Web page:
|The Twentysomething Gang|
From The San Francisco Chronicle (April 14, 1991)
by Sophie F. Deprez
Some members of the Twentysomething Generation, as they most recently have been labeled by popular media and whom Douglas Coupland calls ''Generation X,'' are in the midst of defining themselves in post-Reagan America.
Disillusioned by yuppiedom and the materialism, restriction and artificiality it represents, too old to accept the notion of shopping malls as vital structures, yet too progressive and sophisticated to regress to sheer hippie-ism, they have rejected their past and their future and have chosen to explore the many possibilities complete freedom offers.
The main characters in this first novel are lively, bright, fun and aimless. Andy, Claire and Dag are young, modern-day heroes who rebel against the high- tech, fast-paced, stiflingly stable environment their elders established so proudly when they ran away to find solidarity in the bungalows of California's desert.
Coupland carefully defines the boundaries of each character's struggles: Andy, the narrator and voice of romantic reason, is vaguely depressed about mediocrity and compromise in middle-class life; Claire, desirable in her individualistic and confident power, is obsessed with a gorgeous, two-faced yuppie; and Dag, a Holden Caulfield figure, is adolescent in his pointless and careless vandalizing. Their strong, platonic friendship is reinforced by stories they tell each other about ominous and absurd events in the outside world, as well as in the past and future.
These stories often reveal significant life experiences heavy with moral conclusions. These vividly described tales contain elements of surrealistic humor combined with harsh realism, and serve as safety nets for the characters' chosen yet fragile lifestyle. Andy, for example, remembers when he lived in Japan, and his boss, Mr. Takamichi, took him aside and asked him to describe the most valuable thing he owned. ''Try and explain the concept of sophomoric minimalism to an octogenarian Japanese publishing magnate,'' Andy says.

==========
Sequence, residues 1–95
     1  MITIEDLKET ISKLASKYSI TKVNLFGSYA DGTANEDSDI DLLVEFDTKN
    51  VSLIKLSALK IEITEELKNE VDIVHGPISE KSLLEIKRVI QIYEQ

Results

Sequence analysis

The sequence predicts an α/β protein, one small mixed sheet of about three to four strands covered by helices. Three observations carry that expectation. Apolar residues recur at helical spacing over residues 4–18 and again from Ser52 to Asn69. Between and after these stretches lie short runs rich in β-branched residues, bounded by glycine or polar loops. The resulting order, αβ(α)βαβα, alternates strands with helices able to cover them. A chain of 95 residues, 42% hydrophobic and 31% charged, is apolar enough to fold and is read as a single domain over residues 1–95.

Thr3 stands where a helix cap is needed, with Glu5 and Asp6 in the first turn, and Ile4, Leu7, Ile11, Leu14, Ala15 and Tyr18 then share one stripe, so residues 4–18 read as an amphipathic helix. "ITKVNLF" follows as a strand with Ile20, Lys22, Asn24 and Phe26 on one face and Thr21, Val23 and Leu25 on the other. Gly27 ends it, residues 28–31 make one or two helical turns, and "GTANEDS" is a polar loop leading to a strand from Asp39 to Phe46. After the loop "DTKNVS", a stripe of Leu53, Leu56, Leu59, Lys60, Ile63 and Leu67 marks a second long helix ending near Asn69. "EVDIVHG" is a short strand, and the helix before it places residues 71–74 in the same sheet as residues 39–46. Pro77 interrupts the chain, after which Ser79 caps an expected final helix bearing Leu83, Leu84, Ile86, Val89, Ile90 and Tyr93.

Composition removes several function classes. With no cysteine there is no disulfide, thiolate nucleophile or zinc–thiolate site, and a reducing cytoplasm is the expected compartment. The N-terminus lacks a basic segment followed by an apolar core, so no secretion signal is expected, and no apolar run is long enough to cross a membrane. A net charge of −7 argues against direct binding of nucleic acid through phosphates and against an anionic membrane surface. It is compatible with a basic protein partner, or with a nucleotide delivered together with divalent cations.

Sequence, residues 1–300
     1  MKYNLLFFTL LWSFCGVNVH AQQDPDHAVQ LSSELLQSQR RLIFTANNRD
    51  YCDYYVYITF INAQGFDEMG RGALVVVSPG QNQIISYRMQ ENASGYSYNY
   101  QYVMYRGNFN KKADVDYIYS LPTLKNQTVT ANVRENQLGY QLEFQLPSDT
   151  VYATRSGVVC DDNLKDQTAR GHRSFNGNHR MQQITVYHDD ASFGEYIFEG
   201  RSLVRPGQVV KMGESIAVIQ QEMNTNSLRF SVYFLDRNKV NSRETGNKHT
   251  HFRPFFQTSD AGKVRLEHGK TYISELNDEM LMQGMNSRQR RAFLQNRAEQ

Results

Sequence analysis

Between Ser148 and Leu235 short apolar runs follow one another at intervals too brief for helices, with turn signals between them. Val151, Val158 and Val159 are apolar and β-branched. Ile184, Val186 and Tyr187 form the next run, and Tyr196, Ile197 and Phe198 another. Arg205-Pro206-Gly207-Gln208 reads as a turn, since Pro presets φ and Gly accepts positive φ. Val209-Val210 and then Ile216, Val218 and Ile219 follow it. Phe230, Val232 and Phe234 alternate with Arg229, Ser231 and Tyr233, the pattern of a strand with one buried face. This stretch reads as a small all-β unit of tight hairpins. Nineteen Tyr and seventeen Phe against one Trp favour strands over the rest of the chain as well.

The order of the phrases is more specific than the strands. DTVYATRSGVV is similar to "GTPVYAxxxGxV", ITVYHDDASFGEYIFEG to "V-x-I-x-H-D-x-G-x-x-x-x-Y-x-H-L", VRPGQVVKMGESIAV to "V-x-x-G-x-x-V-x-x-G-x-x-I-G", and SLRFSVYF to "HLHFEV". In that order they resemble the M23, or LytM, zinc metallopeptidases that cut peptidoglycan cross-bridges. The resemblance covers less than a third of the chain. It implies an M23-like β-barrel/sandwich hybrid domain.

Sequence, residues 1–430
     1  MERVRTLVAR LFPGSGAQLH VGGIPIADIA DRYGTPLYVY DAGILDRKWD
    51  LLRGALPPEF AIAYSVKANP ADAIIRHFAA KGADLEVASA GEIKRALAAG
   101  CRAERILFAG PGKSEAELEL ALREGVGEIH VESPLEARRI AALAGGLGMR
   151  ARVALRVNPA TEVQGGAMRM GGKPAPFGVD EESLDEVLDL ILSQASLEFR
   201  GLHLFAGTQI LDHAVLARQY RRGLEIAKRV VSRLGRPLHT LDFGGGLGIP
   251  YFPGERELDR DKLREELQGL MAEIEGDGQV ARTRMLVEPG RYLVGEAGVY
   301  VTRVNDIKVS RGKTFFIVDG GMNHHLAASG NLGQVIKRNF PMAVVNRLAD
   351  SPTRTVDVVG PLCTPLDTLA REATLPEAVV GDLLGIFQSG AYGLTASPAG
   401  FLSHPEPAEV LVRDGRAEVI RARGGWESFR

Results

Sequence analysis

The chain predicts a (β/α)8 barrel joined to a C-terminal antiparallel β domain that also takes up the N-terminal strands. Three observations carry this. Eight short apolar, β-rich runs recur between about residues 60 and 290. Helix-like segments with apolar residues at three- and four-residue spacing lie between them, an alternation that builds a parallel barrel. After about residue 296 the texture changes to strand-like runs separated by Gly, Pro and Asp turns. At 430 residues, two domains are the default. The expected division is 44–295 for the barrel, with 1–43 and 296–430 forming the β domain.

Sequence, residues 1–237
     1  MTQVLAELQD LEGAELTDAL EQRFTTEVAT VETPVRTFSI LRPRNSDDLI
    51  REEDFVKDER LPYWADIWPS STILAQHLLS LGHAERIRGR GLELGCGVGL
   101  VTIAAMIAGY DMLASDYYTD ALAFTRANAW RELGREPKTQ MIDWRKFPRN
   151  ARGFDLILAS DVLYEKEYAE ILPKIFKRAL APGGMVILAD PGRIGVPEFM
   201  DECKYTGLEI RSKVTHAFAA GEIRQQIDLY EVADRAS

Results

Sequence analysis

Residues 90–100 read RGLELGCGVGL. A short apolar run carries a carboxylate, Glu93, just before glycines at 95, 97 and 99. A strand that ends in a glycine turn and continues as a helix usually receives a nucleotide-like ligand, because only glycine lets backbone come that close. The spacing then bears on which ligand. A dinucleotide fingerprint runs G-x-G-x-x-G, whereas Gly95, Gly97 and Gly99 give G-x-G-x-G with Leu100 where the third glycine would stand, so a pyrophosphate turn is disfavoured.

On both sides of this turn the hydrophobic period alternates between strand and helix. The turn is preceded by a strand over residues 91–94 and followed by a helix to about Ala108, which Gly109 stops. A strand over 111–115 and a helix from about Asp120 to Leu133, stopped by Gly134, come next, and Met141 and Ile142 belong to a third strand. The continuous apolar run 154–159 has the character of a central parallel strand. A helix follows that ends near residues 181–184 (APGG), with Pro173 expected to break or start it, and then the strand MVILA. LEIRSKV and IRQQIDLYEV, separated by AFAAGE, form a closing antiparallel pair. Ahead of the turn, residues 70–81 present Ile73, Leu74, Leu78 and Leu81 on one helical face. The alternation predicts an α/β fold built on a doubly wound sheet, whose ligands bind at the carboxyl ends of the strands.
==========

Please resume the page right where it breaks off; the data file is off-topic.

''So I said, quite truthfully (and, it dawned on me, quite refreshingly), that I owned no thing of any value.'' Mr. Takamichi then proudly showed Andy his most valuable possession: a semi-pornographic photo he took of Marilyn Monroe. ''I broke out into a sweat,'' Andy says, ''and the words of Rilke, the poet, entered my brain - his notion that we are all of us born with a letter inside us, and that only if we are true to ourselves, may we be allowed to read it before we die. The burning blood in my ears told me that Mr. Takamichi had somehow mistaken the Monroe photo in the safe for the letter inside of himself, and that I, myself, was in peril of making some sort of similar mistake.'' Soon thereafter, Andy moved to the desert in a minimalist bliss to read the letter inside himself.
Coupland effectively captures the language, mood and culture of these ''Generation X'' specimens, as well as that of other generations. Tyler, Andy's precocious younger brother, is as alive to us as his much older, stuck-in-the-'50s-rut parents, despite the heavy-handed characterization.
Short statements and Lichtenstein-esque drawings in the page margins show statistics on Generation X and define its vocabulary. Chapter headings that read like post-dadaist slogans enhance the novel's humorously surreal quality, although this vehicle is sometimes overdone. Coupland's minimalist literary style is often chillingly cool, yet it is fresh, knowledgeable and consistent.
''Generation X'' is a readable and valid account of a generation that envisions a completely new, genuine genre of bohemianism. By being true to no one or no thing but themselves, these characters not only read the letters within themselves before they die, but they also share them with each other and with readers